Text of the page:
Author: Navneet Alang

Navneet Alang is a technology-culture writer based in Toronto. You can find him on Twitter at @navalang

Will Apple ruin our cloud video future?

Ever since they first came about, digital movies have been totally absurd. Not only are they overpriced, they are almost always locked into particular hardware ecosystems. Buy a movie from iTunes and it only plays on Apple hardware; buy the same movie on Xbox Live or the Playstation Network, and it’s the same deal. It’s ridiculous. But it seems like buying a digital movie might finally be about to get better with the arrival of Ultraviolet. It’s a new system from Hollywood that let’s you buy a movie once and watch it anywhere. Sounds like…

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If tech news is boring, blame the free market

“Tech news is so phenomenally boring!” said Gawker’s Adrian Chen, in the classically confrontational, controversial style of the site. And oh how it’s true. Tech news is boring. Every minute Apple rumor is reported in detail. In fact, each tiny little upgrade or tidbit of info about any hot company – Google, Twitter, Facebook – is talked about endlessly, even if it isn’t particularly relevant. Silly wars between companies and their fans dominate news feeds, and it all amounts to a lot of nothing. As for who’s to blame, it’d be easy to blame…

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What is the future of the desktop computer?

For years, the desktop computer has been but a shell of its former dominant self. The world went mobile, and that gray box that your co-workers used to call ‘the hard drive’ seemed destined for an obscure life – if a stable one. After all, it was still going to be used by gamers, programmers, media buffs and others who wanted the power and ease that comes with a powerful computer, a big screen and desk and chair. But recently, we have two more pieces of news that make one wonder: what is the future of the desktop computer, if it has one at all? The first…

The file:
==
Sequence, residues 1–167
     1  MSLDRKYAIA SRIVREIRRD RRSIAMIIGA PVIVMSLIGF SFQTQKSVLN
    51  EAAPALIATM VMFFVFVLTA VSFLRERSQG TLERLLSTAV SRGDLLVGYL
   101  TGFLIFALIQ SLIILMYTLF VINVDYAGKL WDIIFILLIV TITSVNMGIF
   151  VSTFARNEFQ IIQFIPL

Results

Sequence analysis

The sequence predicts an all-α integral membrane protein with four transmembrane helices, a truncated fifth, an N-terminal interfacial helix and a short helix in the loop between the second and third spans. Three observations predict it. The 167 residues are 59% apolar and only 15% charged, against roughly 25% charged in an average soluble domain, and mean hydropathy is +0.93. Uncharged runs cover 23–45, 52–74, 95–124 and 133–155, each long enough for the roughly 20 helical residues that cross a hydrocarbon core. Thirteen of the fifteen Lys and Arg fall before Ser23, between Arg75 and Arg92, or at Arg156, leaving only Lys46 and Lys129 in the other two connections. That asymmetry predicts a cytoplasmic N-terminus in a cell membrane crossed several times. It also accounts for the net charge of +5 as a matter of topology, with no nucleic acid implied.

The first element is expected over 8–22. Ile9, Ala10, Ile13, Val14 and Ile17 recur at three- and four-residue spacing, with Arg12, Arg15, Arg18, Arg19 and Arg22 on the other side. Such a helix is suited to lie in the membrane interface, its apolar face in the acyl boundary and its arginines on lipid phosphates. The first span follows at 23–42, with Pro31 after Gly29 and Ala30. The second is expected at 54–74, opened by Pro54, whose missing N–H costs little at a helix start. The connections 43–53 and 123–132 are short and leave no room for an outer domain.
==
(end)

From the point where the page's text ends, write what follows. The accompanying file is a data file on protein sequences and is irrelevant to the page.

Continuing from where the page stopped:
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Is Apple an elitist company?

In the few brief moments of respite we get from the constant flurry of Apple rumors, sometimes it seems worth something to think about the broader effects a company like Apple has. After all, though there is always much debate about the gang from Cupertino, it tends to be about technology or features or interfaces. And in this, I’d argue Apple excel. The iPad is vastly superior to any other tablet on the market. The iPhone became a platform rather than a product, and in doing so totally revolutionized mobile. And the Macbook Air and iMac are…

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TeamWox: Making your company more efficient

Though there are myriad software and services for managing various aspects of a company, they are often divided into components: use one thing for accounting, another for team management, another for internal discussion. It can get a bit unwieldy, particularly in terms of having everyone on the same page. Groupware TeamWox aims to help that by consolidating the numerous different functions – HR, email, document sharing and many more – all in one package. The upshot, beyond increased efficiency, is that the software helps centralize…

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Five things about Google+ Facebook should worry about

For a company that has had trouble understanding social, the response to Google+, the company’s new social network platform, has been remarkably good. But no-one so far has suggested that Google+ will be the proverbial “Facebook killer’. And nor should they. We have no idea how the mass market will respond to Google+, especially since there’s no agreement among early adopters yet. Still, at least in terms of ideas, Google+ is very interesting – innovative, even. In fact, the ideas are so surprisingly good, I think Facebook has a reason…

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Meteroic: Download music and movies to your iOS device

Apple’s iOS, for all its benefits, is notoriously closed. Particularly annoying about this is that you have no access to the OS’s file structure, which means you cannot download music or video clips from across the web. Thankfully a new iPhone and iPad app called Meteoric looks to fix that. Though on the surface Meteoric is a download manager, it actually works by providing the user with a browser. As you browse through sites, links to media content – images, music, video, or any other format that works natively on iOS – can be downloaded…

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